Just how much faster depends not only on the size of the particles, but also on the materials used. Discovering and synthesizing better materials, Pomerantseva said, are the most exciting parts of the work. “I have this incredible feeling when I see a material that nobody else has in his or her hands, only me, only my group,” she said. Once they have a new material on their hands, they test it in a battery cell to see how it performs. “Those first steps you take in understanding how this material works bring a lot of excitement, a lot of positive feelings, a lot of hopes, which do not always … stay.”

Ekaterina Pomerantseva in her lab, holding up a card with the different components of a simple coin battery. The anode is made of a polymer film coated with a slurry of nanoparticles.

Those dashed hopes sometimes stem from what Pomerantseva called the “drama” of nanomaterials. The very thing that gives them an advantage is also their greatest weakness — materials with a high surface area are very reactive, Pomerantseva explained, and inside a battery, this can lead to unwanted reactions that cause the battery to degrade quickly. And even when researchers discover high-performing nanomaterials, they can be difficult to manufacture at scale outside of the laboratory. Pomerantseva and Gogotsi recently published an article in Science that describes these and other challenges the field is trying to overcome.

The biggest recent breakthrough in the field, according to Gogotsi and Pomerantseva, comes from a company called Sila Nanotechnologies. Many scientists and companies have been trying to figure out how to replace the graphite typically used in lithium-ion batteries with silicon, because silicon, at least theoretically, can store 10 times more energy than graphite. Plus, it’s a much cheaper, lighter material. But when silicon absorbs lithium ions, it swells, causing reactions that degrade the battery. Sila Nanotechnologies claims it has solved this problem with its “nanocomposite” of silicon and other materials; the exact formulation is confidential intellectual property. The company, which is now valued at more than $1 billion thanks to investments from companies like BMW and Daimler, says its product will increase battery capacity by 20 to 40 percent, and expects to get its technology into the hands of commercial companies in the next year.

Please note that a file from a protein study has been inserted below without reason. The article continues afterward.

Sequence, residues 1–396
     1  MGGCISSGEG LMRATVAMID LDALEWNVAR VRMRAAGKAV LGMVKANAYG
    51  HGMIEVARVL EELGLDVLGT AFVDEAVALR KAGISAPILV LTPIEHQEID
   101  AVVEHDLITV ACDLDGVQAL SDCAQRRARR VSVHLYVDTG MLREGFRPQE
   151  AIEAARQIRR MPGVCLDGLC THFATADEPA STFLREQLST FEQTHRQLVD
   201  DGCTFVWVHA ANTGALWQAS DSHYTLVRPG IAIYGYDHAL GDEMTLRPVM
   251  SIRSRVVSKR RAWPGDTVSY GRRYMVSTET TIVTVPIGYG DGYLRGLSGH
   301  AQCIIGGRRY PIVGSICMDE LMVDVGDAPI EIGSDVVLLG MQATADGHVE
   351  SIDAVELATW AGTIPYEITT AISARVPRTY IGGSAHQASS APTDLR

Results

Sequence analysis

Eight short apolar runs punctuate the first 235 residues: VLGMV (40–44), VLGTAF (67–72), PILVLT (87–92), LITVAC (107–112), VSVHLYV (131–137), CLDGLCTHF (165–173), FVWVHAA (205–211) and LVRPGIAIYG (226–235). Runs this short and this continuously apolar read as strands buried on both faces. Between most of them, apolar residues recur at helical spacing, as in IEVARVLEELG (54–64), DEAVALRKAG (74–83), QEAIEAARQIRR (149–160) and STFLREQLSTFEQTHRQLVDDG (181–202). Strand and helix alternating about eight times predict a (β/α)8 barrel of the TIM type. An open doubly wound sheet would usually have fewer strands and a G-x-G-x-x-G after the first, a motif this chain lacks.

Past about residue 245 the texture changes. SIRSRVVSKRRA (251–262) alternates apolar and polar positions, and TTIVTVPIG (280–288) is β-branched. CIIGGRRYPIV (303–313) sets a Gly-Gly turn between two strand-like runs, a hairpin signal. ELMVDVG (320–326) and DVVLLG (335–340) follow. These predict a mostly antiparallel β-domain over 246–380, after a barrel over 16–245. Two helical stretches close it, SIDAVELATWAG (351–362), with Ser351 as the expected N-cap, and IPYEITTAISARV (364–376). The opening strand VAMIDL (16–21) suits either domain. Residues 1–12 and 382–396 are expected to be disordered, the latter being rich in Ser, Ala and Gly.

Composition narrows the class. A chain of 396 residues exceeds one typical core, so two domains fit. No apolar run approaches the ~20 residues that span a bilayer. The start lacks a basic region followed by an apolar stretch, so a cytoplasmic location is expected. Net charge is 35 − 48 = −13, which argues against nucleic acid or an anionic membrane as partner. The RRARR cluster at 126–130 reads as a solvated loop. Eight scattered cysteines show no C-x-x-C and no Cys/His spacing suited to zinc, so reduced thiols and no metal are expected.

But the lithium in these batteries, which are ubiquitous in everything from electric cars to cell phones to utility grid storage, is a problem in its own right. Lithium is a scarce, expensive resource, with environmental consequences, and there are much more abundant elements we could be using. This is another problem that some nanomaterials scientists are working on, including Gogotski and Pomerantseva. They call this area of research “beyond lithium-ion” batteries and are exploring replacing lithium with materials like sodium, potassium, magnesium, and aluminum.

Christopher Shuck, a postdoctoral researcher in Gogotsi’s lab, holds up a “precursor” made of titanium, carbon, and aluminum — a bulk material that he will break down to create nanoparticles. Emily Pontecorvo / Grist

And batteries as we know them are just the beginning. Because of their undetectable size, Gogotsi envisions a future where we can integrate nanomaterials into just about any object to harness and store more of the ambient energy that is all around us but currently gets wasted. “As you walk to work, just go for a walk in the park, you actually generate a lot of energy just by stepping. You generate a lot of energy by moving,” he said. If you had a battery fast enough to store this short pulse of energy, Gogotsi said, you could use it to power your cell phone and other devices. Gogotsi’s team has already collaborated on an experiment where they dyed different yarns in a nanomaterial-based ink and wove it into clothing to create conductive textiles.

This kind of application has implications far beyond the convenience of self-powered devices. The more our everyday objects are imbued with the ability to store energy, the less we may need to generate energy or rely on a central electric grid. “If we learn [how to do] this type of ubiquitous everywhere energy storage system, we will have a much more environmentally friendly system in the world,” said Gogotsi.